More than 40 sculptures were entered this year, a record. Some were very elaborate and some were simple. After playing the National Anthem on our kazoos, and being amazed at the marching band/drum line (best line of the entire day: I am too beautiful to sweat like this!), we watched the start. Later on, I went to Rallo's (where the elite meet to eat) to meet up with some other friends. I had forgotten that the first leg of the race would go right by Rallo's, so we sat outside to watch. Even after less than a mile, some racers had already broken down and dropped out.
Each sculpture is required to have a "barnacle" which is a person who rides along and can't be part of the powering of the vehicle, and a sock puppet. The sculptures ride along a 13-mile long course, which has a mud pit and a section where they go into the harbour and try to complete a small lap. The imagination and creativity of the teams are the most fun part of the race, and the winner isn't the first to finish, rather the one who comes in as the middle of the pack.

After we finished watching the Derby (and Curlin came in a respectable third!) we watched some of the Kinetic Racers making the trek home...thinking about next year.

May 4, 2007


Well, this year's horse of choice for the Kentucky Derby is Curlin. I found out last night that this terrific horse is owned by a friend of my brother's, George Bolton. The Boltons have a small racing stable outside of Baltimore and won the Hunt Cup in 1998. Curlin will be racing under George's colours, as the owners take turns running the horse under each of their stables' colours. Curlin is in the No.2 post position, and will be wearing orange and blue stripes with white sleeves, and a blue cap. The morning line on Friday is 7-2.

Image: The New York Times

May 3, 2007

Hats Off to HM

We're all in a spin here in MarVa (Maryland & Virginia) with the arrival of HM Elizabeth II on these shores today. Apparently, the Commonwealth of Virginia has a website of royal protocol which as gotten 300,000 hits in the last few weeks.
Here's my HM story: My last night in Wales coincided with a visit to Cardiff by HM and the Duke. They were attending a shindig about a half a mile from our house, so A and I wandered over to see her. It was dead foggy out and very creepy and by the time we got to the venue, she'd gone inside. So A and I decamped to the bar and chatted up her protection force. Unfortunately, after some bottles of fizz later, we completely missed HM zip out to her waiting Rolls and disappear into the night. At least I can say I was in the same building at the same time. I did see Charles and Camilla (Park & Ride) though.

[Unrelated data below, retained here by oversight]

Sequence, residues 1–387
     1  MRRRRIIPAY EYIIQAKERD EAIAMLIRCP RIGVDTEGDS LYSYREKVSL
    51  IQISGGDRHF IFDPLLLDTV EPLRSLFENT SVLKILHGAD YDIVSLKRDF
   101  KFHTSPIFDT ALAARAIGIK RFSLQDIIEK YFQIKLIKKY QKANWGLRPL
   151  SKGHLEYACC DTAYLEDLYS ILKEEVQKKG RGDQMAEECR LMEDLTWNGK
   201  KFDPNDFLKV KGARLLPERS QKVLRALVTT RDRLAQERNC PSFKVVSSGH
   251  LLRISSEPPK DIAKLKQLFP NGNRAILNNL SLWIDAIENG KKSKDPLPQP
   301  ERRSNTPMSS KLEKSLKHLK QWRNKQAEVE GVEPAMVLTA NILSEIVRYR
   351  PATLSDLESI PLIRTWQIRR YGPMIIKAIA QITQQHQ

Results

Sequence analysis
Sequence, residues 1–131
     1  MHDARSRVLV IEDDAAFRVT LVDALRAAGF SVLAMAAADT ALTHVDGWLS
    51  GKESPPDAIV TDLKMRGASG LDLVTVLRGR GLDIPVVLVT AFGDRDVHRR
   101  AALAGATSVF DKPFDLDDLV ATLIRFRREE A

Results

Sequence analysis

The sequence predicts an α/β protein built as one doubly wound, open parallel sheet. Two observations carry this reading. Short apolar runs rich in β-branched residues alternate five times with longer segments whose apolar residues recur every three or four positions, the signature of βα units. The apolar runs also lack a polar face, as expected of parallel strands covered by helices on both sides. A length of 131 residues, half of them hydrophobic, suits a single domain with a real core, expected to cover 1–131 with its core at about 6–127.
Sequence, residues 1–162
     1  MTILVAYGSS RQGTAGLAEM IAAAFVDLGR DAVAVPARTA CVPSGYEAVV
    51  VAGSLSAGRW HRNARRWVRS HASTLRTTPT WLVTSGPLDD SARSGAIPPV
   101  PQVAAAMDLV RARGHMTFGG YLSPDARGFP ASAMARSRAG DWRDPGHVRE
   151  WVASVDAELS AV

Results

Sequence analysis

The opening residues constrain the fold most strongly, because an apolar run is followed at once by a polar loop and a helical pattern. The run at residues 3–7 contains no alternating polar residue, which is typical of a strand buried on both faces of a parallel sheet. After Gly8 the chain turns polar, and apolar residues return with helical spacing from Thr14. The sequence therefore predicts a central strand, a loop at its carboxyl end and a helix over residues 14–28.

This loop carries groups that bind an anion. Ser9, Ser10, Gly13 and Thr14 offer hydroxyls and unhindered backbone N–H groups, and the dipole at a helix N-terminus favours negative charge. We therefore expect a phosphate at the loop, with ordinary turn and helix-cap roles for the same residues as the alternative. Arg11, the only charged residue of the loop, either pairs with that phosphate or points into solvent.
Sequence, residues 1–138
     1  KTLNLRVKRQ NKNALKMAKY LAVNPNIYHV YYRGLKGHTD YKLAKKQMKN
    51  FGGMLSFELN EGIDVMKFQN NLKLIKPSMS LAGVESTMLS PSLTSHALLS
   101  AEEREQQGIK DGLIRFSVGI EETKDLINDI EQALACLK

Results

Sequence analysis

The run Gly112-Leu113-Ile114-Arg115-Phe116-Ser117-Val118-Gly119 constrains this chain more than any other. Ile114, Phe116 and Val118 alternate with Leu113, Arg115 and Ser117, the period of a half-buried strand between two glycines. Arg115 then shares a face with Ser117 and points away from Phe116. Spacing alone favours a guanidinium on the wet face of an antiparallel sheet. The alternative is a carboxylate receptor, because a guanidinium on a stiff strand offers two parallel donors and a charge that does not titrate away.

HM will be attending the Kentucky Derby on Saturday. She's a huge horse fan, as was her mother before her. The family are big breeders and follow the bloodlines of favourite horses. HM always wears a hat, and the Derby will be no exception. Although outrageous hats are standard at the Derby, don't expect hers to be too flamboyant. Her hatmaker, one of the 800 holders of Royal Warrents, is Pateys Hats. This list is loads of fun to read through as you can find out who makes her knickers, her waterproof clothing and her stockings.
Bottom image: The Washington Post

May 2, 2007

Design, Layout & Display

In a couple of blogs I read, there's been some talk about design, layout and display. Hue talked about how appealing Anthropologie is in their displays. They do clever things like putting the glass door knobs on a bed of beans so the glass wouldn't chip. (image by Hue)
When we opened the furniture warehouse at Second Chance, the two guys who ran that warehouse had everything jumbled up with no rhyme or reason. One day I went in and started organizing things. I made vignettes with dining room tables and chairs, china and glassware, silver and napkins. I took antique beds and made them up with old quilts and blankets, added dressers and lamps. I worked so people could imagine the items in a home-like setting. It worked very well and sales went up.

Looking at catalogues is a great way to educate yourself with an eye toward layout and display. See how things are arranged in a room. The bed may be on the diagonal or in the center of the room, or the sofa may be facing away from the main entrance to a room.

Think about the stores you like. Consider a generic Hallmark store, with rows of cards and gifts stacked on shelves, with an overlay of corporate mandated layouts. Then think of a little boutique with fun cards on spinning racks, gifts arrayed in thoughtful ways, personally selected items, all displayed with thought and intent by the store owner.

Where would you rather shop?

May 1, 2007


As you may have noticed, I am playing around with a new logo on my blog. I actually don't need a logo, since I don't need to establish a brand recognition for myself, but I do some graphic design work and thought it would be fun to play with some different looks.

Logos are so important in sending the right message to consumers. Recently, as Hue reminded me, the Maryland Institute College of Art redesigned their logo. Several years ago, they made the quantum leap of removing the comma between Maryland Institute and College of Art. Their old logo was the name of the school in an all-caps typeface, with some sort of splash of paint below it. They just paid a consulting firm $75,000 to come up with a new logo.

When you see the logo up verrrrry close, the diagonal slash spells out Maryland Institute College of Art.

Think about the logos you see everyday and then think how they represent their product.